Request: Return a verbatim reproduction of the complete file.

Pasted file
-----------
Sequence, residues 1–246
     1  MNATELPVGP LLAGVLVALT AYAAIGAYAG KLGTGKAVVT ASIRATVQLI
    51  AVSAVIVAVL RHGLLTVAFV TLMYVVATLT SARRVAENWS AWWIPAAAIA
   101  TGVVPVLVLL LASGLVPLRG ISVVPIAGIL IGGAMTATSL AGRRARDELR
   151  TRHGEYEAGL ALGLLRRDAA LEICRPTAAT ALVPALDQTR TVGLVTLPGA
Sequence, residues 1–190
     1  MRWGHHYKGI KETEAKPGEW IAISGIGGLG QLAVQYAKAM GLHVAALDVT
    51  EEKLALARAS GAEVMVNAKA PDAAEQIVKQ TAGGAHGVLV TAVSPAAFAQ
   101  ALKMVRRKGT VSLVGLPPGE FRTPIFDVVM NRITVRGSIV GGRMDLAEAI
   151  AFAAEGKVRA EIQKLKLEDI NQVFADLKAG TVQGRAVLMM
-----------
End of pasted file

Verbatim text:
Sequence, residues 1–246
     1  MNATELPVGP LLAGVLVALT AYAAIGAYAG KLGTGKAVVT ASIRATVQLI
    51  AVSAVIVAVL RHGLLTVAFV TLMYVVATLT SARRVAENWS AWWIPAAAIA
   101  TGVVPVLVLL LASGLVPLRG ISVVPIAGIL IGGAMTATSL AGRRARDELR
   151  TRHGEYEAGL ALGLLRRDAA LEICRPTAAT ALVPALDQTR TVGLVTLPGA
Sequence, residues 1–190
     1  MRWGHHYKGI KETEAKPGEW IAISGIGGLG QLAVQYAKAM GLHVAALDVT
    51  EEKLALARAS GAEVMVNAKA PDAAEQIVKQ TAGGAHGVLV TAVSPAAFAQ
   101  ALKMVRRKGT VSLVGLPPGE FRTPIFDVVM NRITVRGSIV GGRMDLAEAI
   151  AFAAEGKVRA EIQKLKLEDI NQVFADLKAG TVQGRAVLMM